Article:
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High demand for shorting ETFs

23 May 2014


Driven by logistical issues with shorting traditional securities

Read more: Markit Russia China ETPs bonds emerging markets

Demand is high for borrowing bond exchange traded funds (ETFs) and ETFs that provide exposure to emerging markets, especially Russia and China, according to Markit.

Logistical difficulties associated with shorting traditional bond products and shorting within emerging markets have made borrowing ETFs an attractive alternative for investors, despite higher fees to borrow than other securities.

"Fees generated through lending out ETF assets have generally held up despite the fact that the available pool of ETF assets to borrow from stands at an all-time high. Currently, return to lendable of US listed ETFs is five times higher than equities in the same market," said Andrew Laird, analyst at Markit.

Of the 20 US ETFs with the highest indicative fees to borrow, six are bond ETFs several offer exposure to emerging markets, according to the report. Indicative fees for these funds range from 6% to 10%, with the highest fees to borrow for the Vanguards intermediate term corporate bond ETF and the Wisdomtree international hedged equity fund ETF.

Bond ETF's can be used as channels to circumvent logistical issues and allow investors to take a view on rising interest rates that are at historic lows.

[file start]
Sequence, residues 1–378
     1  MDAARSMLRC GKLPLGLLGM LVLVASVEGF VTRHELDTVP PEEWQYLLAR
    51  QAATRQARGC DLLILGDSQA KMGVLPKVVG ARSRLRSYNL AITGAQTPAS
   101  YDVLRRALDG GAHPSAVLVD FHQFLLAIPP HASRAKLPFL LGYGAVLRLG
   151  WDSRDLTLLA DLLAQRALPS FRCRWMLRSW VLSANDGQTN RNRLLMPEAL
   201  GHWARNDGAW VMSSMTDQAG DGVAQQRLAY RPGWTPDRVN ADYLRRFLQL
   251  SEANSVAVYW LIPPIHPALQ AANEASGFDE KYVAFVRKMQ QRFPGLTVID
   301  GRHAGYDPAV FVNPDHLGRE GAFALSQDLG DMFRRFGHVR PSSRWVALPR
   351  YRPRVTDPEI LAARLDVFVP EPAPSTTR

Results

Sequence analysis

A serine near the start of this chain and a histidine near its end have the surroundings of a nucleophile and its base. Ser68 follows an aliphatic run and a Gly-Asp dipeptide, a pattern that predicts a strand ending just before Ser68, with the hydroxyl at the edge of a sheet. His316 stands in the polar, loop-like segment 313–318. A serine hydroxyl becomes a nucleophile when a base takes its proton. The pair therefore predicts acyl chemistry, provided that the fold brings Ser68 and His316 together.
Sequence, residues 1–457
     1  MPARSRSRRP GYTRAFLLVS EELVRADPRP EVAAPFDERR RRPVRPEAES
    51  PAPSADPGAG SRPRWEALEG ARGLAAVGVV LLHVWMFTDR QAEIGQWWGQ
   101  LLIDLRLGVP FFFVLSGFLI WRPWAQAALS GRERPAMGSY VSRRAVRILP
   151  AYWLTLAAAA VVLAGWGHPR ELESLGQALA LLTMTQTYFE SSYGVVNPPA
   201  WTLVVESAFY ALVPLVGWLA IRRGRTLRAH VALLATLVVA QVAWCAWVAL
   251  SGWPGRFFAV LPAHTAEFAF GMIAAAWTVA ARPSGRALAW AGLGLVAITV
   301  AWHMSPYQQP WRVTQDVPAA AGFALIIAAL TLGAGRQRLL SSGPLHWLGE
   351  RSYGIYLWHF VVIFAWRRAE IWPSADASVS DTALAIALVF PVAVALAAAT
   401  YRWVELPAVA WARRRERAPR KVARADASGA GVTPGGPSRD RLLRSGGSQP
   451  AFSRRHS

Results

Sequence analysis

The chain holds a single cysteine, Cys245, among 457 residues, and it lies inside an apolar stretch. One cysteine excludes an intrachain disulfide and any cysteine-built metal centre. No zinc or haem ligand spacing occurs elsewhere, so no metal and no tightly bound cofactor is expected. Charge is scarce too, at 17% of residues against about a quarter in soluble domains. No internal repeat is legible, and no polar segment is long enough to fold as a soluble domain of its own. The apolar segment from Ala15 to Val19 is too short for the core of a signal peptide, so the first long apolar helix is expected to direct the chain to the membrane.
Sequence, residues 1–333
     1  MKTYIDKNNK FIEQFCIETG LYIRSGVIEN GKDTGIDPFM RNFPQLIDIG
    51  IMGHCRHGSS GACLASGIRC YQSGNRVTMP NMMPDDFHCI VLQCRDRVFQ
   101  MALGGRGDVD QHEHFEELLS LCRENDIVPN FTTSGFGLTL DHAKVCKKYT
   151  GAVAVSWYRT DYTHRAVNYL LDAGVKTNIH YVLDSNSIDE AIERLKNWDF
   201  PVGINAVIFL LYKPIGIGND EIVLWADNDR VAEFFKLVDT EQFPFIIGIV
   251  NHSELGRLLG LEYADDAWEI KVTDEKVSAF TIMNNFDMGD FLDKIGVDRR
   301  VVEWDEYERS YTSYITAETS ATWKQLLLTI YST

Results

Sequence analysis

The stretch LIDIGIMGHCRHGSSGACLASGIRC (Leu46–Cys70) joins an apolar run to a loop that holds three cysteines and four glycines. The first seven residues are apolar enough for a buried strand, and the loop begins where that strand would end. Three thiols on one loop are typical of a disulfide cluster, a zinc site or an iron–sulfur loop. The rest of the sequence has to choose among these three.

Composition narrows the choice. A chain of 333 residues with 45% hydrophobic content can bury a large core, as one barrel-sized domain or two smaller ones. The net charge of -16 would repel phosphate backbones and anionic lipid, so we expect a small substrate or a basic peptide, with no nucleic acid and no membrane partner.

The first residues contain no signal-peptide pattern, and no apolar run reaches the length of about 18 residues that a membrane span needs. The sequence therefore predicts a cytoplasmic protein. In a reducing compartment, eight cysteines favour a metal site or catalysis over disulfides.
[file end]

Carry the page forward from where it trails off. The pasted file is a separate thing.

ETFs have also become an alternative means to get short exposure to countries that have restrictions on short selling of equities or don't have mature securities lending markets.

This phenomenon will grow in the coming years as many of the 833 and growing non-US ETFs that trade in the US offer an increasingly diverse set of products, according to Markit.

"Paying 7% a year to borrow an Indonesian basket in a relatively liquid market starts to make sense when looking at the logistics needed to borrow the constituents in the domestic market whose borrow fees often do not match that of the ETF," said Laird.

The majority (73%) of US ETFs that Markit covers have a fee greater than 150bps, although they rarely rise above 25%.

Rates have remained consistently high for the Proshares ultra vix short-term futures ETF for the past two years and currently stand at 8%. The ETF has been a particularly profitable trade for shorts having had an "abysmal" price performance ranging from -69% to -5% in the three years up to Q2 2014.

Despite high fees, ETF borrowing has boomed over the past decade. The total value on loan for US exchange traded products (ETPs) has risen to $48bn, up from $30bn in April 2012. The value amount covers 1900 products in total.


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